F. the filter that came with my tank is a little noisy for my liking, I am looking into purchasing a Fluval 206 external filter, if and when i get this can I simply switch the filters without doing anything else to the tank?

If there are no fish in, it makes no difference. You'll have no bacteria to lose.
Richard
User avatar
san-ho-zay
Member
 
Posts: 3383
Joined: Sun Sep 30, 2007 11:12 am
Location: Bury, UK

Re: Any experts willing to help a complete novice get starte

Postby hannibal1987 » Tue Jul 24, 2012 10:00 pm

Yes, you need to treat the water you add to remove the chlorine in tap water. So if you have a 10 litre bucket add the required amount for 10 litres to each bucket.

The tank will not cycle without ammonia from fish or added directly. The three weeks would do nothing. Nutrafin Cycle will not make the tank completely ready in 48 hours. It still needs to cycle.


thankyou for your response, I am trying to get as much info as possible. I have treated the water with Nutrafin aquaplus which says on the bottle removes chlorine and chloramine as well as heavy metals. on the nutrafin cycle it says "powerful and responsive ammonia and nitrate elimination", but from reading on other forums a lot of people were suggesting not to use this, but to just leave the tank with the filter running for 2-3 weeks, let bacteria develop naturally, and then add a couple of 'hardy fish'. Most people seem to be suggesting that the Nutrafin cycle was pointless and costly. Is this wrong?
hannibal1987
Member
 
Posts: 21
Joined: Tue Jul 24, 2012 3:28 pm

Re: Any experts willing to help a complete novice get starte

Postby san-ho-zay » Tue Jul 24, 2012 10:19 pm

The idea is that the Cycle contains a type of bacteria that converts ammonia into nitrite and another bacteria that converts nitrite into nitrate. But without food in the shape of ammonia, any bacteria that are present just die. Results with these cycling products are variable but without ammonia from fish or directly added, they are a waste.

If you add fish and then the Cycle it has at least a chance of working. The Cycle on its own for three weeks won't help. The most reliable source of live bacteria is a fresh squeeze of dirty water from a mature filter but even then you need ammonia to feed the bacteria.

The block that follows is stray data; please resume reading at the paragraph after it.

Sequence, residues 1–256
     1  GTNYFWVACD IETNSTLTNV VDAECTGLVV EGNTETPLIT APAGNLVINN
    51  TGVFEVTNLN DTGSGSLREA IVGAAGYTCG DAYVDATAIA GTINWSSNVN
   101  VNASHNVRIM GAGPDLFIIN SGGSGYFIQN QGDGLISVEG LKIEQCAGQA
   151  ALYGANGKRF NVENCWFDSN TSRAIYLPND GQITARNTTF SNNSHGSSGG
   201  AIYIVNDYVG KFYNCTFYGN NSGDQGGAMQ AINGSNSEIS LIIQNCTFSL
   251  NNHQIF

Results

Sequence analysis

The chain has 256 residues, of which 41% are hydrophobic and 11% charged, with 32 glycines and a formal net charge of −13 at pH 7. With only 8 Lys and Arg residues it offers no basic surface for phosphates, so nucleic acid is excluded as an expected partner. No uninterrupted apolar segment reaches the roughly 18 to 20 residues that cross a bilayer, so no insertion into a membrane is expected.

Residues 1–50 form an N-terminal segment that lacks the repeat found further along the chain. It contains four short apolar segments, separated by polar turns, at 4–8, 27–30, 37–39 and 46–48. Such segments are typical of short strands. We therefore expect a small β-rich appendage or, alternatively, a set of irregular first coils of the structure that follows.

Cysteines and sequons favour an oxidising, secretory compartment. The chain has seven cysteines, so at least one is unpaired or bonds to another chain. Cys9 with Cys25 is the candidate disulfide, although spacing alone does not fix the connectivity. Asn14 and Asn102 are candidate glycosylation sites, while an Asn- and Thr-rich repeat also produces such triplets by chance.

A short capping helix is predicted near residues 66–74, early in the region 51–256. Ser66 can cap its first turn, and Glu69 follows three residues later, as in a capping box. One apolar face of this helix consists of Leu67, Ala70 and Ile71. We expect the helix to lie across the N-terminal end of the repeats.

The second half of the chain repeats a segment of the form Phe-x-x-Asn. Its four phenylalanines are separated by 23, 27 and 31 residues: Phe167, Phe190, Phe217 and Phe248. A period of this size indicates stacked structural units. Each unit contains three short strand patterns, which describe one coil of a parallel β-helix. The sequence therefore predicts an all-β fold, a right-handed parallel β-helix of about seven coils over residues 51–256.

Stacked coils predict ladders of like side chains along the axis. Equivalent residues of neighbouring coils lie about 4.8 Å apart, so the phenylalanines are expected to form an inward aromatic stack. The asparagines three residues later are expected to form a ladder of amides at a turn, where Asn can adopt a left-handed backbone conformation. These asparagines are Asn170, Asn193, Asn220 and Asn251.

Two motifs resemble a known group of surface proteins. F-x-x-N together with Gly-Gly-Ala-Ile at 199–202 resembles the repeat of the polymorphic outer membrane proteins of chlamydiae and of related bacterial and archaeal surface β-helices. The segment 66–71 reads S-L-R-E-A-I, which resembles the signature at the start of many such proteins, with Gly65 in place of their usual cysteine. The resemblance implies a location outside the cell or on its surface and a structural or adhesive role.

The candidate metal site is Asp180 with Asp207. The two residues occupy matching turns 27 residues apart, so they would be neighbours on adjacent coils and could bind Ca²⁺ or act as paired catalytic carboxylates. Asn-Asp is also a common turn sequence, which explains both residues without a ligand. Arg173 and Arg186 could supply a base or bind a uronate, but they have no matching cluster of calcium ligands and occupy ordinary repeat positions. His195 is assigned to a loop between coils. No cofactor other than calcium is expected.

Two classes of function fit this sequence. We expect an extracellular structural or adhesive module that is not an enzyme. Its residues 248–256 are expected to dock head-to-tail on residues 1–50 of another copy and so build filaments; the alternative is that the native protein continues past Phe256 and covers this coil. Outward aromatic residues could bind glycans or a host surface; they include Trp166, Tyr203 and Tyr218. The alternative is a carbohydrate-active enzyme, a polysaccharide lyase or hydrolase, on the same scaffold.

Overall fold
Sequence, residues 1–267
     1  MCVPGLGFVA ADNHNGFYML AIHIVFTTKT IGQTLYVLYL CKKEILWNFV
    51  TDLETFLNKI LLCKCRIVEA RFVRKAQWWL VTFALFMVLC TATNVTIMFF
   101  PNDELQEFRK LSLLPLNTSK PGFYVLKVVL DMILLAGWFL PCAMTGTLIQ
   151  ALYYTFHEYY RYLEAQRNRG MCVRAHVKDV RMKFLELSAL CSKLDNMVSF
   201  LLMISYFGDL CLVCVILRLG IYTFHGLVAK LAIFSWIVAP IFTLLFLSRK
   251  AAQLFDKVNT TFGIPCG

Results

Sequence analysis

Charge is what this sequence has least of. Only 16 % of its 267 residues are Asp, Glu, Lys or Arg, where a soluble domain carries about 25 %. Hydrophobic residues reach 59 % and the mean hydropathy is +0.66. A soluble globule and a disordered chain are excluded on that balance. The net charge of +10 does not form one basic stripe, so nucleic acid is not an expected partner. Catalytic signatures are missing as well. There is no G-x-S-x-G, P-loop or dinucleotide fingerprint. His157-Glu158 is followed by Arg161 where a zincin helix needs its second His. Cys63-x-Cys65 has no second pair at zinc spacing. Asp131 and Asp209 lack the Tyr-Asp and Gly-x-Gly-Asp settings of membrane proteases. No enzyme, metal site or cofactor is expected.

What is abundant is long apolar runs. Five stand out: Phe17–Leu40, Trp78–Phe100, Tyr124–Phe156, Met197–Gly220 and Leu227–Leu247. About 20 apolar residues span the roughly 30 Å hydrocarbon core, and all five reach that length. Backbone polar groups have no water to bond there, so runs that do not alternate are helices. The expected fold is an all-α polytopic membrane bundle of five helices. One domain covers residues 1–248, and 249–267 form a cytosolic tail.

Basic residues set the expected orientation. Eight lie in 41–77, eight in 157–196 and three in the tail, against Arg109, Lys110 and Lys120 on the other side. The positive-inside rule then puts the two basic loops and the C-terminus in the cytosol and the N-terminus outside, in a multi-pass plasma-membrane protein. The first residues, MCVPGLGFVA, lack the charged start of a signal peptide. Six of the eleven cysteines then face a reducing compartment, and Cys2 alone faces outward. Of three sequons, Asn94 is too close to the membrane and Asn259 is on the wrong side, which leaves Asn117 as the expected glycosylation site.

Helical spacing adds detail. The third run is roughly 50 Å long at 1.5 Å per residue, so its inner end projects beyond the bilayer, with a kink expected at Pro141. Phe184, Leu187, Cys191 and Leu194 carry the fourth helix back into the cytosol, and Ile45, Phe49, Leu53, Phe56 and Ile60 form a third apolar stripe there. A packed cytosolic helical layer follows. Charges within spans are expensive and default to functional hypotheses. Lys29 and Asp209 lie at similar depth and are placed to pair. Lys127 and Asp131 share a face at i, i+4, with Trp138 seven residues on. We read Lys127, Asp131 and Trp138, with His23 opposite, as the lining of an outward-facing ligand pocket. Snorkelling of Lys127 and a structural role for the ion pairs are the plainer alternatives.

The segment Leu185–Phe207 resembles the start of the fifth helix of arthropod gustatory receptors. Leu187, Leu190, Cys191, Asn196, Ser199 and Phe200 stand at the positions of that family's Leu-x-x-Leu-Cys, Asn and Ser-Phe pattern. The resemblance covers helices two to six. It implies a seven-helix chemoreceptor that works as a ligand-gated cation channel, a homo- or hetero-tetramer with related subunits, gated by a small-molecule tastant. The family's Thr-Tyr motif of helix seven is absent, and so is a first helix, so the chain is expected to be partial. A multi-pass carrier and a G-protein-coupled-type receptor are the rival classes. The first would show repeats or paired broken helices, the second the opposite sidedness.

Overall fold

Richard
User avatar
san-ho-zay
Member
 
Posts: 3383
Joined: Sun Sep 30, 2007 11:12 am
Location: Bury, UK

Re: Any experts willing to help a complete novice get starte

Postby hannibal1987 » Tue Jul 24, 2012 10:44 pm

One of the websites i read suggested if you want to use the 2-3 weeks natural cycle to add some fish flakes for the bacteria to feed on, I forgot to mention I did this 3 days ago, I need to get my test kit tomorrow in order to check the levels are below 3ppm i think. the other method I haven't tried is this:

Fishless Cycling – Ammonia method
For this you’re going to need a bottle of household ammonia from the supermarket or chemist, a syringe, a calculator and a test kit for testing ammonia, nitrite and nitrate. (Test kits are an essential part of fishkeeping. It’s the only way you can be sure what’s going on in your tank.)

Household ammonia is typically 10% ammonia, the quantities used in the calculator are based on this. Commonly added amounts to the tank are between 2ppm and 5ppm (parts per million). We recommend 3ppm as a good level so all following instructions are based around using 3ppm.

1) First you need to know how many litres of water are in your tank. This is easy – measure the height, width and length in centimetres and multiply those figures together and then divide by 1000 (or use the calculator on the right). For example a tank measuring 100cm by 50cm by 30cm would hold 150 litres. If you have a lot of substrate and décor in your tank you need to take 10-20% off your calculated figure to allow for this.
2) Use the ammonia calculator at the bottom of the page to work out the amount of ammonia in millilitres (ml) to introduce and add it to the tank.
3) The following day use the ammonia test kit to measure the ammonia in the tank.If it’s below 3ppm (parts per million) use the ammonia calculator below to calculate how much ammonia to add to bring the level back to 3ppm. It may take several days before you see a significant drop.
4) Repeat step 3 every day. This process is to start the cycle off (the initial bacterial growth) and keep the bacteria alive by feeding them ammonia at the correct concentrations in the tank water.
5) After about a week you can start to test for nitrite in the water. Ammonia is converted to Nitrite in the first part of the cycle so when you can detect it, it means the cycle has started.
6) Continue testing for ammonia every day. Whenever it drops below 3ppm add enough ammonia to bring the level back up to 3ppm using the calculator to obtain the correct dose. Also test for nitrite every other day. You should see nitrite rise and then start falling after a few weeks.
7) Start testing for Nitrate after a few weeks. Nitrate is the last part of the process where the bacteria convert the nitrite to nitrate. When the test kit starts showing a fall in the nitrites you should see a rise in the nitrates.

Does this sound right?
hannibal1987
Member
 
Posts: 21
Joined: Tue Jul 24, 2012 3:28 pm

Re: Any experts willing to help a complete novice get starte

Postby san-ho-zay » Wed Jul 25, 2012 6:07 pm

If you've added fish food, that will produce ammonia and help cycle the tank.

Fishless cycling with ammonia is a bit more controllable than fish food and I've done that a couple of times (plus helped a few online ones). I'd suggest some adjustments to the recipe you quoted if you want to go down that route. It adds too much ammonia in my experience and relies a lot on the accuracy of the test kit.

Fishless cycling doesn't suit everybody. It needs patience and a willingness to correct it if it goes astray.
Richard
User avatar
san-ho-zay
Member
 
Posts: 3383
Joined: Sun Sep 30, 2007 11:12 am
Location: Bury, UK


Return to Beginners

Who is online

Users browsing this forum: No registered users and 2 guests

cron